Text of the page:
a little concern
- This discussion was moved here from User talk:Christopher/AllArchives#a little concern.
On the Jesus page it says this, "The second account traces the lineage through Mary's father, actually tracing Jesus to "Adam and Eve" (Luke 3:1). But lineage was not transmitted through women back then, so double fail." there are some things wrong with this statement. First i'd like to point this out, Luke was not a Jew but a Greek, he was a convert to Judaism before he was converted to Christianity, so he didn't abide by the same rules as did birth Jews. Second, while it may be true that for the Jews it didn't go through the woman's line for the Greeks it was different. Luke did not right to the Jews as did Matthew and Mark but was writing to the Gentiles so it would have been written for the gentiles to understand. The system still runs through the mother to this day. --Whoknows (talk) 00:06, 6 June 2017 (UTC)
- While I have absolutely no idea how lineage was traced in Judean times, I think it is pretty well established that none of the four gospels were actually written by the apostles. So you might want to look for another line of logic. --Bob"Life is short and (insert adjective)" 16:59, 6 June 2017 (UTC)
actually the Gospel of John was a book that is obviously written by none other than John himself and is actually the last book that was written. While on the isle of Patmos he wrote the Revelation, later on when he was freed from Patmos he wrote the Gospel of John which he left before his death for the churches during a time of peace. Each gospel was written differently due to the circumstances of that time. The Gospel of Mark is short due to the fact of persecution of that time, they needed to be able to take what truth they could which was condensed so that they could be able to flee without having to take a large scroll.--Whoknows (talk) 20:58, 10 June 2017 (UTC)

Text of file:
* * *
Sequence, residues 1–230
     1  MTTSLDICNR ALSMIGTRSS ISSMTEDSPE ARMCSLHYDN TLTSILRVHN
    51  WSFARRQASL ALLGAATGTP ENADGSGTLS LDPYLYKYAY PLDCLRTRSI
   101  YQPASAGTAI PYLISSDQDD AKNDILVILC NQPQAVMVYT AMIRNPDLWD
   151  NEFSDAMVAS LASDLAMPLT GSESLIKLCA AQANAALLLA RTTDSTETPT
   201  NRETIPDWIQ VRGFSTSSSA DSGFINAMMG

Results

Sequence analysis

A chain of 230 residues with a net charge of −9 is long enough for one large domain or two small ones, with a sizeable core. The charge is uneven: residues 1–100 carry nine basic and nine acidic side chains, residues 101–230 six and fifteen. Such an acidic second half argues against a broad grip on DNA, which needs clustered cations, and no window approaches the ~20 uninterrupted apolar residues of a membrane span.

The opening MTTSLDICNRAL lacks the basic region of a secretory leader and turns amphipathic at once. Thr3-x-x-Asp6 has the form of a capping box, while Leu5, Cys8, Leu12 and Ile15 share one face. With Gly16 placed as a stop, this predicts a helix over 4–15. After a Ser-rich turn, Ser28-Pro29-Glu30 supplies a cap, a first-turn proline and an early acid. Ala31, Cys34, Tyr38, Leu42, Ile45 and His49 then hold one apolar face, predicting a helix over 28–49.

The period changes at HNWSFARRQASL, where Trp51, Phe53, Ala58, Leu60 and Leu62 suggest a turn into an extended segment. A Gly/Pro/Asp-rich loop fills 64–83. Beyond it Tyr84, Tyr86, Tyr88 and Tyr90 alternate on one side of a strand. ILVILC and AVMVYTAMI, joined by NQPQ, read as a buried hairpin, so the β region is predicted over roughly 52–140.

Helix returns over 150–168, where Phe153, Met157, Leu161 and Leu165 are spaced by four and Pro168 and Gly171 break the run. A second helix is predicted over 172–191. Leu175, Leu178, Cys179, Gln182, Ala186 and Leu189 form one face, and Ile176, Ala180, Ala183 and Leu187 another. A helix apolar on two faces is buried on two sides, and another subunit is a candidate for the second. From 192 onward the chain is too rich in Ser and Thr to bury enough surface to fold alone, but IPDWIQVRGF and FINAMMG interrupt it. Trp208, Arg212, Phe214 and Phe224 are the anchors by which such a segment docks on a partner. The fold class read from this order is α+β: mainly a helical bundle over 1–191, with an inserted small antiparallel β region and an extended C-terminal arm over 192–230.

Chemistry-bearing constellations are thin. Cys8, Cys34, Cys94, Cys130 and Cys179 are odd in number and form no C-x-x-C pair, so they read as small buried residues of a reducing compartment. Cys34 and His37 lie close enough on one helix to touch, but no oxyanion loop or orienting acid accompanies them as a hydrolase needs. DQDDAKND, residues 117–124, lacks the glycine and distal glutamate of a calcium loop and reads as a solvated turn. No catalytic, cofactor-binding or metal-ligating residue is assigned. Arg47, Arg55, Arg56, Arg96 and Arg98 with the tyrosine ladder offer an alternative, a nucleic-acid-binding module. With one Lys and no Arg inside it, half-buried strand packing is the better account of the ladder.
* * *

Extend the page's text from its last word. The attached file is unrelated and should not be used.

- No, you are wrong. The author is anonymous - though some Christians deny this.--Bob"Life is short and (insert adjective)" 17:24, 12 June 2017 (UTC)
- John 21:24 This is the disciple which testifieth of these things, and wrote these things: and we know that his testimony is true. The Gospel of John is written in a way that shows a close view point of Jesus. We do know that John named himself in The Revelation when he states, Rev 1:9 I John, who also am your brother, and companion in tribulation, and in the kingdom and patience of Jesus Christ, was in the isle that is called Patmos, for the word of God, and for the testimony of Jesus Christ. In the book of John, Jesus stated to Peter, John 21:22 Jesus saith unto him, If I will that he tarry till I come, what is that to thee? follow thou me. To which was stated, John 21:23 Then went this saying abroad among the brethren, that that disciple should not die: yet Jesus said not unto him, He shall not die; but, If I will that he tarry till I come, what is that to thee? John mentions this because he does see him again in vision, this connects the Gospel of John and The Revelation together. Of course I know many want to see physical proof but there is next to none physical proof that there was a guy named John who followed Jesus. If he did exist I don't think he would have left much evidence anyway.--Rimuru Tempest (talk) 19:14, 12 June 2017 (UTC)